The masked men, slightly averagely, return...
The trouble was, Clinic were perfect in the beginning. Blazing out of
Liverpool dressed in blood-spattered surgeon’s overalls, brandishing a single
called ‘IPC Subeditors Dictate Our Youth’ that sounded like New York City
synth-punks Suicide strung up by the neck with John Cale’s piano wire, they
were the indie band that restored your faith in indie bands: a shot of
sneering punk-rock malcontent right in the arm.
Right now, too, their star is in the ascendant. Hand-picked by Thom Yorke to
toast of the discerning American lo-fi fraternity. Their second album, ‘Walking With Thee’
should just be a mere formality.
Unfortunately, it doesn’t quite work. Not for the reasons most commonly cited, though. No, the critical assumption
From the beginning, these four Scouse lads were rock’s Dr Frankensteins, devious graverobbers stitching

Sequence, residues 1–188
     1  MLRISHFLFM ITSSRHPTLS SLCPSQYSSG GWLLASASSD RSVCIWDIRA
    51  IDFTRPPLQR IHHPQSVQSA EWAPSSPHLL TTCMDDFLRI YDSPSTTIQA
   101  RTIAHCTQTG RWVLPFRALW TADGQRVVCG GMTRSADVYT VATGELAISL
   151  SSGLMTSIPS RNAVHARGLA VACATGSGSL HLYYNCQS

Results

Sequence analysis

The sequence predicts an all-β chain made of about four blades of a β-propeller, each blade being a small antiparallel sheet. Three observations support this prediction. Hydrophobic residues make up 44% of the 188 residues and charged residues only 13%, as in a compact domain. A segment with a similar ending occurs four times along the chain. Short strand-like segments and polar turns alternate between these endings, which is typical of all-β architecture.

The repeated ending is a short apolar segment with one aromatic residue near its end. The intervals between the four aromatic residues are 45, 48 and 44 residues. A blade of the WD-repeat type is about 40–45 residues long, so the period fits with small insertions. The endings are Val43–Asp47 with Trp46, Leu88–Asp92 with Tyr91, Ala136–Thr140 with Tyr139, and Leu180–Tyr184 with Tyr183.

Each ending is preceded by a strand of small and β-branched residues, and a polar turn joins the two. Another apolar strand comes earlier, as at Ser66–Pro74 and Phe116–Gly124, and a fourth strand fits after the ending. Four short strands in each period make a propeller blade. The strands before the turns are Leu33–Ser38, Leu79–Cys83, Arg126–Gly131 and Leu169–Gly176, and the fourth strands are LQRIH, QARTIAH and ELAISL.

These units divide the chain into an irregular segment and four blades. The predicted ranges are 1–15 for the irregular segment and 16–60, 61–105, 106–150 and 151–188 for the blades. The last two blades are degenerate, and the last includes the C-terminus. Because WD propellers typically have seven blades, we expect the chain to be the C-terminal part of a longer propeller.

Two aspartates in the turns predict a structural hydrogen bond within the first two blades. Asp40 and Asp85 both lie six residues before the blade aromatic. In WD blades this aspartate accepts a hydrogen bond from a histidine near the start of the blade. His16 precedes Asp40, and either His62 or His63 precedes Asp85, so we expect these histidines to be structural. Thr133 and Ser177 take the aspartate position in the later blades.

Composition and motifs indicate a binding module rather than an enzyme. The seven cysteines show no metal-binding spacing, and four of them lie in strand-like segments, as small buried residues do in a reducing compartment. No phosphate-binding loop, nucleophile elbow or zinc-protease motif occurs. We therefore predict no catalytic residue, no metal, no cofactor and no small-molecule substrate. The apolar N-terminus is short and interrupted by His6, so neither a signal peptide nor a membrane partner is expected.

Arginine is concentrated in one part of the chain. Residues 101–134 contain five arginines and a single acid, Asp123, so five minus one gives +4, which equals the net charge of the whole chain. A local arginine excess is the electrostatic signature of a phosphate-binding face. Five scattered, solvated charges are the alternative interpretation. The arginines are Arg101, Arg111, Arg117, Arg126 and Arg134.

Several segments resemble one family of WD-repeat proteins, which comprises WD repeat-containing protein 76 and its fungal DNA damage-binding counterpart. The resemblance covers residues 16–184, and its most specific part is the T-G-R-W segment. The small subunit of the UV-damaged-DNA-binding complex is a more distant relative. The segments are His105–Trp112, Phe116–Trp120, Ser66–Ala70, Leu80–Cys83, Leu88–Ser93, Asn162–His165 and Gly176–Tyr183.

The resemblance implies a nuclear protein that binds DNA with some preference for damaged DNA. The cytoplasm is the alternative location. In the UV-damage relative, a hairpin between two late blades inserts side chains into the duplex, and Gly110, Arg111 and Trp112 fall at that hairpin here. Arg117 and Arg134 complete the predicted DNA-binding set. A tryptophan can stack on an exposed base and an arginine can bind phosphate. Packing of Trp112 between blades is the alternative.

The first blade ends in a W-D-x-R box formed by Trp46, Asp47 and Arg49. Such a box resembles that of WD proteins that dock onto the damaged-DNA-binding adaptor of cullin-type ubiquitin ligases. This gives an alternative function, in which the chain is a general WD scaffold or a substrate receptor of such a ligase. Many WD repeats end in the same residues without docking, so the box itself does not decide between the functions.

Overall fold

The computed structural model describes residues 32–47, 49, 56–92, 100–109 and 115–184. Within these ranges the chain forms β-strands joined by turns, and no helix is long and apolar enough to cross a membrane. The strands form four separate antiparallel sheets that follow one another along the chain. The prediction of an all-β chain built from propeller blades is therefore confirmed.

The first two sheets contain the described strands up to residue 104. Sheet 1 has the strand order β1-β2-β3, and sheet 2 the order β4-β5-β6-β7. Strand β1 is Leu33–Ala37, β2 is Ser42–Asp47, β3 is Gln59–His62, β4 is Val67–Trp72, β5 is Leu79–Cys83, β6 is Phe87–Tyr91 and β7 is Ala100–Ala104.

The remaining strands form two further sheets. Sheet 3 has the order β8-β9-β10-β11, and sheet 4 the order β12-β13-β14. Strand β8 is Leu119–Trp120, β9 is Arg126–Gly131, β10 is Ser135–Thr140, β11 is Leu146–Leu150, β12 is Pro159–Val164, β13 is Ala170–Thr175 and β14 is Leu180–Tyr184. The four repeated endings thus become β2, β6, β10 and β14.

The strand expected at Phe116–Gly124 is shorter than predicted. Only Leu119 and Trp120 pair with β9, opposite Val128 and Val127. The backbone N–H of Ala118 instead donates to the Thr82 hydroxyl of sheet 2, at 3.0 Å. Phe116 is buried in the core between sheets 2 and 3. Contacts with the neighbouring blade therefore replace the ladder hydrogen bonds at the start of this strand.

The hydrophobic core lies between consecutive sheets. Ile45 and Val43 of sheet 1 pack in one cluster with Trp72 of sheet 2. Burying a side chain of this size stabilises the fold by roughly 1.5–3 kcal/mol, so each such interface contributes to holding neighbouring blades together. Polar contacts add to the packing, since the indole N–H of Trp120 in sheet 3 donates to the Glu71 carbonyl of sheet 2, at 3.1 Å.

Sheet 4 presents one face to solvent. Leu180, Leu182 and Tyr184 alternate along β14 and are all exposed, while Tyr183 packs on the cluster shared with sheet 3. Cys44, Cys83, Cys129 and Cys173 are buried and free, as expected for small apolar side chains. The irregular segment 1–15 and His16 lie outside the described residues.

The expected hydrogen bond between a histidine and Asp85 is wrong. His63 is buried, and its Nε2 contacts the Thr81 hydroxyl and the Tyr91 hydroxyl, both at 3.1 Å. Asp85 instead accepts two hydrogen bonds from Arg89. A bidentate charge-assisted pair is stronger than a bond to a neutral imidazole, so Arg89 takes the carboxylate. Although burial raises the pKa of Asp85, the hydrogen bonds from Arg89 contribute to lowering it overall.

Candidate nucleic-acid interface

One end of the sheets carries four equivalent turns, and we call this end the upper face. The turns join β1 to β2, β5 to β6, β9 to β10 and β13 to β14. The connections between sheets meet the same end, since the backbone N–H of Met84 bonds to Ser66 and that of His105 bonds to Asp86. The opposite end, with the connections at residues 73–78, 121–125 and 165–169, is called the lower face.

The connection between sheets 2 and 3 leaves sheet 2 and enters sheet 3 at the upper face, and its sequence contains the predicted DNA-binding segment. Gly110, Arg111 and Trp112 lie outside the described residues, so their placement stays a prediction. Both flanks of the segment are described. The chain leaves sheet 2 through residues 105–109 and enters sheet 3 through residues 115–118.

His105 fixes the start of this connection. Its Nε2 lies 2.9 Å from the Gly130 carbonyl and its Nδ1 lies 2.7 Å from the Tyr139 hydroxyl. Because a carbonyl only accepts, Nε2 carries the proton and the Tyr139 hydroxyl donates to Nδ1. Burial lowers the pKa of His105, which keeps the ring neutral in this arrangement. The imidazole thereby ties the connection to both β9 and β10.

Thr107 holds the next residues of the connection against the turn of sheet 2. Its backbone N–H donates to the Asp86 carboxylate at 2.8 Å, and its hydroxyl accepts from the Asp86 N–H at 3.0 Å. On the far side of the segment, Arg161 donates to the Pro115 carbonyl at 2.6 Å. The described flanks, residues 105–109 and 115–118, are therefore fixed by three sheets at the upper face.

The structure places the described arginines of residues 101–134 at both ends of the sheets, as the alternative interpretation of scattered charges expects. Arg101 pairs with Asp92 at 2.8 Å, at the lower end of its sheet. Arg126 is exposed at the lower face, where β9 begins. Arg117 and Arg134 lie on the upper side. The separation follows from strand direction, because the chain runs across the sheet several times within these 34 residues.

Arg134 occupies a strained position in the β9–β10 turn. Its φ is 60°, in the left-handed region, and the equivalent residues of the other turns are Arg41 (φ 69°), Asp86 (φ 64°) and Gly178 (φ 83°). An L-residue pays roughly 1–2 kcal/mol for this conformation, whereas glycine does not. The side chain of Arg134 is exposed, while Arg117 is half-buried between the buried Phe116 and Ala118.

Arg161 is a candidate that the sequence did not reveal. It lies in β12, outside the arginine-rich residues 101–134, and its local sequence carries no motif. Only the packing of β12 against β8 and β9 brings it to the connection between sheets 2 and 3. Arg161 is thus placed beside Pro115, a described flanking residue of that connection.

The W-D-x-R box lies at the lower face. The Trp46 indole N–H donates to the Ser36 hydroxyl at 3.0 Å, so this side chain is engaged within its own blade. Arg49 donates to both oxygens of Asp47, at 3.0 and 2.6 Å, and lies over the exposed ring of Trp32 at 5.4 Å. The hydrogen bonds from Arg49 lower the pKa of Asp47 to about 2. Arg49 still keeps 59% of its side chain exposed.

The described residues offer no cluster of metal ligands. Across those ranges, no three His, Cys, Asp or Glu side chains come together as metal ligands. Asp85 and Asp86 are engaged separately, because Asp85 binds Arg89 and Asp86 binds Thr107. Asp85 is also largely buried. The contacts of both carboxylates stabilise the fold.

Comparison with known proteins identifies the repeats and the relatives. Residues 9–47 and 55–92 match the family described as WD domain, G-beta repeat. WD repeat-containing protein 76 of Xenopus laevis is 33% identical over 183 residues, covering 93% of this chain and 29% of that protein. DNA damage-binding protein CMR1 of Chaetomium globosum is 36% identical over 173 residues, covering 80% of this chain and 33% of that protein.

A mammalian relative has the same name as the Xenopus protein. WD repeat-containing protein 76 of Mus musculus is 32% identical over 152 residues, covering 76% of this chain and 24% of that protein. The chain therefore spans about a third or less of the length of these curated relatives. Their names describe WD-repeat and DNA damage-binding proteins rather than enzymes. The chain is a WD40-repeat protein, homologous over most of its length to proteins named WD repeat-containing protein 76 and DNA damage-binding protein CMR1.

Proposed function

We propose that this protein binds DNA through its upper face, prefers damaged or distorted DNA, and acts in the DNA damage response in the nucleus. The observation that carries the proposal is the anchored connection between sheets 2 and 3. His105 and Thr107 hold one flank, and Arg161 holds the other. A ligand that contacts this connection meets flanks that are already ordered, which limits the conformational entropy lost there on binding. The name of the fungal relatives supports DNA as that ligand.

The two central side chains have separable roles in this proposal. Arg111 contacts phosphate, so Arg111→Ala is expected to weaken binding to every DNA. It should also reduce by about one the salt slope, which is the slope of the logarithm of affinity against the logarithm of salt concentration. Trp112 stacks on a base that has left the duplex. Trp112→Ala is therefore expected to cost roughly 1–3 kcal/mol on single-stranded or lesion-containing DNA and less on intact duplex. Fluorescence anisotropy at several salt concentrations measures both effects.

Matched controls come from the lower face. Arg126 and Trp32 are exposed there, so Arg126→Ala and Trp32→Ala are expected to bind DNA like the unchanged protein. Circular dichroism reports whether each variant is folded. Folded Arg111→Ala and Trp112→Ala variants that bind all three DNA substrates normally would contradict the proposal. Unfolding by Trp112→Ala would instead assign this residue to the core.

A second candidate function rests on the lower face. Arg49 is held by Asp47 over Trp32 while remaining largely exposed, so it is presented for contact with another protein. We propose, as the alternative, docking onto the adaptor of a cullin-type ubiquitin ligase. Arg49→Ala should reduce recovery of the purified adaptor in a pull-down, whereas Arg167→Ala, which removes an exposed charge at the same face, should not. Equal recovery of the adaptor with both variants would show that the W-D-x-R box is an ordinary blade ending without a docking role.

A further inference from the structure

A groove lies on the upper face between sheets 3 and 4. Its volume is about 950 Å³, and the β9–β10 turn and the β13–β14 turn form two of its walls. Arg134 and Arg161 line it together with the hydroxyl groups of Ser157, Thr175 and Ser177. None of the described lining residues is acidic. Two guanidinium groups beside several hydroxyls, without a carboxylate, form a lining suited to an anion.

together gobbets of avant-garde musical history – Crime, The Shangri-La’s,
Joe Meek, Phil Spector, The Stooges – into
one monstrous, complete whole.
But on ‘Walking With Thee’, Clinic suddenly sound more like vultures than
magpies. The opening three tracks – ‘Harmony’, ‘The Equaliser’, and ‘Welcome’
stalk past with a sinister rattle: a retread of past glories, sure, but none
the worse for it. But it’s around the sixth track, ‘Come Into Our Room’ – a
teeth-grindingly familiar murk of drum machine sputter and chill vibraphone
squeal that clings to formula like a malnourished infant – that your patience
finally snaps. Throughout the album, singer Ade Blackburn sounds like some tragic Faustian
character, granted the backdrop to spirit the music of his heroes into sound,
but cursed to lack the soul to bring it to life. The lush, touching
‘Distortions’ was a highlight of Clinic‘s debut, ‘Internal Wrangler’. It
finds no equivalent here.
‘Walking With Thee’ is barely forty minutes in length, but feels about half
that length – not because it flies by, but because throughout, it barely
feels substantial. Clinic really need to pull off a bold leap of faith – an
‘OK Computer’, a ‘Kid A’, even – to prove there really is something behind
the mask. Honestly, they’re [I]still[/I] a fascinating concept. Sadly, here they just sound like a bit of an